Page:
Tuesday, August 16, 2011

Moths are dull.....don't you believe it!! Part two.

Following on from the piece I put out on the 20th July, this final invitation to "getting involved with moths" dwells on the enjoyment that can be derived from being involved in recording the various species. It's a natural step after becoming absorbed by moths and learning about them to then begin recording what you find. Given moth recording has not been as popular as, say , bird recording over the years there remains much to be done.

Submitting records of what you find, and where, is important as there are still many places where year round records of the likely species to be encountered are missing. Coupled with this are the records of migrant moths from the Continent and, more recently, evidence of some species colonising, or re-colonising, parts of the UK as the effects of climate change appear to arise.

At the end of 2010 a landmark publication emerged, the " Provisional Atlas of the UK's Larger Moths ". This was the result of years of recording and resulted in the first up to date maps in 30 years for 868 macro-moth species ( the maps for the Geometridae {over 300 species } were the first ever to be published ). See Butterfly Conservation's web site for how you can get your copy!

The records had been lodged in the database associated with the National Moth Recording Scheme (NMRS ) and the maps were produced from the 11.3 million records which were held within it. The NMRS was one of the initiatives within the Moths Count project run by Butterfly Conservation and the production of the Atlas after only four years was a remarkable milestone. The project will continue and the NMRS database extended still further over ensuing years ( hence the Atlas being described as "Provisional"). Since its publication a further 700,000 records have already been received giving an indication of the emerging interest in the subject and the hard work too of many, many volunteer recorders.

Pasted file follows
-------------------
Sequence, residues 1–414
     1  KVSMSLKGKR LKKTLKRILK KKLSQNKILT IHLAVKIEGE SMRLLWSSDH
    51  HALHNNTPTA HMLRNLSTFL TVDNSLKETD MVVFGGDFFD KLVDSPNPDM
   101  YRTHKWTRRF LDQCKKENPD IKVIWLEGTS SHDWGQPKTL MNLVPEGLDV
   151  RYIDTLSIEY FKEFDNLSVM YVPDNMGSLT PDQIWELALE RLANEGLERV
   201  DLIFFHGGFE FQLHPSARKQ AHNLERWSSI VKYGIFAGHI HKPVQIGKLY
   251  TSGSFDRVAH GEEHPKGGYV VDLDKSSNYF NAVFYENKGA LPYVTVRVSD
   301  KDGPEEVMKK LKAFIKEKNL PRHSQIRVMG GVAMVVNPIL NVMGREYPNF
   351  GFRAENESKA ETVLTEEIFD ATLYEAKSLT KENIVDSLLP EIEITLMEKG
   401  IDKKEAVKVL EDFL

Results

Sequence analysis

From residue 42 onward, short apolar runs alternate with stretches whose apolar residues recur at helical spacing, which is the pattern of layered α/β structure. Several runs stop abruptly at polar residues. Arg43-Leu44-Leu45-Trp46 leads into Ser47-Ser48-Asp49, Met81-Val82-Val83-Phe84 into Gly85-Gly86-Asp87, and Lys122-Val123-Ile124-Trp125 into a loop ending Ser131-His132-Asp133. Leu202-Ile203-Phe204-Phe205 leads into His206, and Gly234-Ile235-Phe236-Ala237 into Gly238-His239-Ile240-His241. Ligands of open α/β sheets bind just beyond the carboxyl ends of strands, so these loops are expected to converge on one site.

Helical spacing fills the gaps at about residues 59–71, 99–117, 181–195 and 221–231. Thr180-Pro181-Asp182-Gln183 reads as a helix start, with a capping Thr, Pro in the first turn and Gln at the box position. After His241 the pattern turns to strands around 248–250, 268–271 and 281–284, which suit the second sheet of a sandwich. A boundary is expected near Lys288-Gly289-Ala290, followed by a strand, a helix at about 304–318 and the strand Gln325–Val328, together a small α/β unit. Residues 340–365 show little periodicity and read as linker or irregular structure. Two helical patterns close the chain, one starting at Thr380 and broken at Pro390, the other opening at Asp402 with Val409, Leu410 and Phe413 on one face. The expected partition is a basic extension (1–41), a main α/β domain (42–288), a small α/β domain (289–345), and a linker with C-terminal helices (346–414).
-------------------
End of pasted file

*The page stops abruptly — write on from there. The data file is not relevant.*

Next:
A further component of the Moths Count Project was to improve and extend the "presence" of Moth Recorders in each of the Vice Counties in the UK, which resulted in 34 new individuals being recruited to fill the gaps. The role of these individuals is to act as a focal point in a given area and for them to be the recipient of records generated locally, to encourage people further , promote the NMRS and so on.

The maps themselves will fill a variety of purposes. They provide a current indication of where individual species can be found, i.e. their national distribution. The requisite map for the Small Ranunculus shows it to be widely distributed but, within the dots where presence has been determined, there are gaps indicating the species has not yet been recorded. It may be absent, of course, or simply, as yet , evaded the efforts of those involved in recording in that area. Such "white areas" on a map can, in effect, act as an indication of where future recording efforts might be targeted.

By the same token, some of the maps show a very restricted distribution for certain species given, in turn , the restricted availability of the specialised habitat upon which they rely. Such maps and records are important in guiding conservation efforts aimed at protecting these very specific sites that continue to hold unique examples of our biodiversity. Eventually, of course, the maps can be used in a comparative context where an historical analysis is applied aimed at establishing where the range of a species has retracted or, indeed, enjoyed some expansion. Loss of habitat will inevitably be linked to the former, but the colonisation of specific niches by "new" species will not just indicate the timing and extent of their spread but perhaps introduce new conservation priorities dependent on their status and the availability of their chosen "home".

So, obviously many challenges lie ahead. The more people become involved, the quicker we will more fully understand a whole variety of questions raised in the past and be better equipped to address the inevitable conservation tasks which develop within our dynamic world. It is something which can take you to far flung places, or become an increasingly absorbing feature of your local environment. It is a fascinating hobby and gives a lot of pleasure so....take the plunge!!

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